Cage Traps. Trapping, especially where pig densities are high, is probably the most effective control method. Traps may not be effective, however, during fall and winter when acorns or other preferred natural foods are available. Hogs seem to prefer acorns over grain and other baits. Leg snares and hunting may be more productive control methods during fall and winter. Stationary corral-type traps and box traps have been used with success. The corral or stationary trap is permanent and should be constructed in locations where large populations of hogs are evident and where more than one hog can be trapped at a time (Fig. 3). Build the trap out of steel fence posts and 2 x 4-inch (5.1 x 10.2-cm) welded 12-gauge wire fencing. A gate frame can be made from 2 x 4-inch (5.1 x 10.2-cm) boards. Make doors from 3/4-inch (1.9-cm) plywood and mount them so that they open inward and close automatically with screen door springs. Heavier material may be used for the gate and frame in areas where exceptionally large hogs are to be trapped. Also, more steel fence posts may be needed to reinforce the wire fencing. The wire fencing should be put on the ground as well as at the top of the trap to prevent hogs from going under the sides or over the top. Fasten the sides to the top and bottom. One or two small hogs can be left inside the trap with adequate food and water to act as decoys.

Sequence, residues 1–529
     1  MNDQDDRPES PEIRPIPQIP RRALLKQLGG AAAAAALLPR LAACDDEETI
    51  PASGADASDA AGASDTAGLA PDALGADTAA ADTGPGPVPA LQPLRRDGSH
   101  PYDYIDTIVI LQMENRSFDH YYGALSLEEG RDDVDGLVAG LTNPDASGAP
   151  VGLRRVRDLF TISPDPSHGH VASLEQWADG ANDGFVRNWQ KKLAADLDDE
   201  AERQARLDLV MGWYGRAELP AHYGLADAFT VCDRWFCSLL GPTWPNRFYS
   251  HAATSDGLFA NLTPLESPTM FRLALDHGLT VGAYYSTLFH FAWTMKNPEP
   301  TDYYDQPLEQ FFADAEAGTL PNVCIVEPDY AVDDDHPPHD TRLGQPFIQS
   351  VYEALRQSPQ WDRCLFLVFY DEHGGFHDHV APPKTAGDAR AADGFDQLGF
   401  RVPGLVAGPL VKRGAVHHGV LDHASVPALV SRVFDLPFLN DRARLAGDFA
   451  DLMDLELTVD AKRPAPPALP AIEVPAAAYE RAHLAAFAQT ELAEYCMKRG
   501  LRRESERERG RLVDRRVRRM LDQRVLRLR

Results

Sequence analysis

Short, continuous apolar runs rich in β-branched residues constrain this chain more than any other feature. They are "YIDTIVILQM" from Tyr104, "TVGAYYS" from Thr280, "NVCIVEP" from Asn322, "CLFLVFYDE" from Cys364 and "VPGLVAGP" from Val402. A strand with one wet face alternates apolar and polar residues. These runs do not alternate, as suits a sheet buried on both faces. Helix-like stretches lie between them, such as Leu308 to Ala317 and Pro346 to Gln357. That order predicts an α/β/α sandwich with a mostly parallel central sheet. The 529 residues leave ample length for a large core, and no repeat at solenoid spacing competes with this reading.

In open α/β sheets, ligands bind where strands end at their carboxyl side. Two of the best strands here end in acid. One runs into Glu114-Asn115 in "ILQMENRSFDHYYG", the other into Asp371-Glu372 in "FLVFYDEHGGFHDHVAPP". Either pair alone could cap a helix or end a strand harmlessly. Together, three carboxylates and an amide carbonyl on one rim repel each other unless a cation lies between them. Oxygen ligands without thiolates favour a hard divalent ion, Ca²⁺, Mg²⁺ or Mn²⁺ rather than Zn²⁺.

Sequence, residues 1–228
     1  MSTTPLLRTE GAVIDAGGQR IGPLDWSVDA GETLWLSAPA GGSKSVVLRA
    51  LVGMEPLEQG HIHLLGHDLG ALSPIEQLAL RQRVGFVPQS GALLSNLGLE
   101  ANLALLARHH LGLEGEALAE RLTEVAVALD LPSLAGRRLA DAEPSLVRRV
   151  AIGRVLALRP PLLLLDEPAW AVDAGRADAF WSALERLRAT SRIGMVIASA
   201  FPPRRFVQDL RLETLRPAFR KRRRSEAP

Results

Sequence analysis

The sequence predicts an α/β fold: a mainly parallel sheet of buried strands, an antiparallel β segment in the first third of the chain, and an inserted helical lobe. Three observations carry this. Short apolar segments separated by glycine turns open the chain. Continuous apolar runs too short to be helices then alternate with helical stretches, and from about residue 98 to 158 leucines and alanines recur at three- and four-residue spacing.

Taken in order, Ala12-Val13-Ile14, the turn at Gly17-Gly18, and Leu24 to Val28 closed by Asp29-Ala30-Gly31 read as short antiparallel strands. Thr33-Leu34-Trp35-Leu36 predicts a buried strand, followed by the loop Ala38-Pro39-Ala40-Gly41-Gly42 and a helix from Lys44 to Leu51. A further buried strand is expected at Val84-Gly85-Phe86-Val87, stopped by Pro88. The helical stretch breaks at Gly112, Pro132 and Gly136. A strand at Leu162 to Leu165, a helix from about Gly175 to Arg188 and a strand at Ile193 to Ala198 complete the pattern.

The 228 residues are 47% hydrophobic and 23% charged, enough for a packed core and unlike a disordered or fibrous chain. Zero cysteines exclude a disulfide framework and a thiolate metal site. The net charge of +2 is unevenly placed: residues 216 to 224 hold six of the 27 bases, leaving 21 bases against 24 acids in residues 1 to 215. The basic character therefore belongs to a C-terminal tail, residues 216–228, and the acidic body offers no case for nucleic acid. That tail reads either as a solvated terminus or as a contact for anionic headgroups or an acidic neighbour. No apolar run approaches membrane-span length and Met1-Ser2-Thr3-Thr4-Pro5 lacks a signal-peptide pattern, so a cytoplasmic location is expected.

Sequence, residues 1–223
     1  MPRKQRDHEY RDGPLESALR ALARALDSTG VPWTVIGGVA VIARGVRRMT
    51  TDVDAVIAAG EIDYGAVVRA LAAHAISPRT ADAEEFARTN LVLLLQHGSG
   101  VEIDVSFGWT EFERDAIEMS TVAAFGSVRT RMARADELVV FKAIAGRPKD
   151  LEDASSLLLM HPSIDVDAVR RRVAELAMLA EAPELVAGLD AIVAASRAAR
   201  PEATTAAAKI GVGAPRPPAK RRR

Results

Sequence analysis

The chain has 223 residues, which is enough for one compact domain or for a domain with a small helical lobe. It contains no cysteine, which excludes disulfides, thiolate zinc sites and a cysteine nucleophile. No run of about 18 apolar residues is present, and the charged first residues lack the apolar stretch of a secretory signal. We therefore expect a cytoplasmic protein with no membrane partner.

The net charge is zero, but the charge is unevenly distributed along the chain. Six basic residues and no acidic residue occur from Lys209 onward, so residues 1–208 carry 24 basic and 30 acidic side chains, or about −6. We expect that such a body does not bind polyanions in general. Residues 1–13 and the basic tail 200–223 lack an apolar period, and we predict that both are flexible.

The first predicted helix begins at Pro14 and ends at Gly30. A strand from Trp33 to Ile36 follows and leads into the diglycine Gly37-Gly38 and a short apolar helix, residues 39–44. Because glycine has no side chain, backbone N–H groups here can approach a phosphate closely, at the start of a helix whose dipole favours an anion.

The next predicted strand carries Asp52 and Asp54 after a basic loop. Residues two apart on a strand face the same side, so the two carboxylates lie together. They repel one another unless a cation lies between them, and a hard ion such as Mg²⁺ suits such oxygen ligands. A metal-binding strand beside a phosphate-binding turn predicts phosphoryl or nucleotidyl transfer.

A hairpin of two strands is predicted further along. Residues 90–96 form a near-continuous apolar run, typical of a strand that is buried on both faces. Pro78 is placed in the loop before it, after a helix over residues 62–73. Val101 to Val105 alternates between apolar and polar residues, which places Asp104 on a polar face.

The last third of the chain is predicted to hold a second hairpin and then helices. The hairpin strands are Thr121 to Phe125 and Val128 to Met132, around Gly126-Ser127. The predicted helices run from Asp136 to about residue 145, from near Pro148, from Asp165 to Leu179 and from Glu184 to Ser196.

A portable trap with a drop gate has been used very effectively and can be moved from one area to another (Fig. 4). It is especially effective where hogs occur intermittently. Build the trap out of 2 x 4-inch (5.1 x 10.2-cm) welded 12-gauge wire over a 2 x 4-inch (5.1 x 10.2-cm) wooden frame using a 3/4-inch (1.9-cm) plywood drop gate. Place loose barbed wire fencing around the outside of the trap to prevent livestock from entering and to protect both the traps and bait material. When traps are not in use make sure trap doors are locked shut to prevent the possibility of trapping livestock.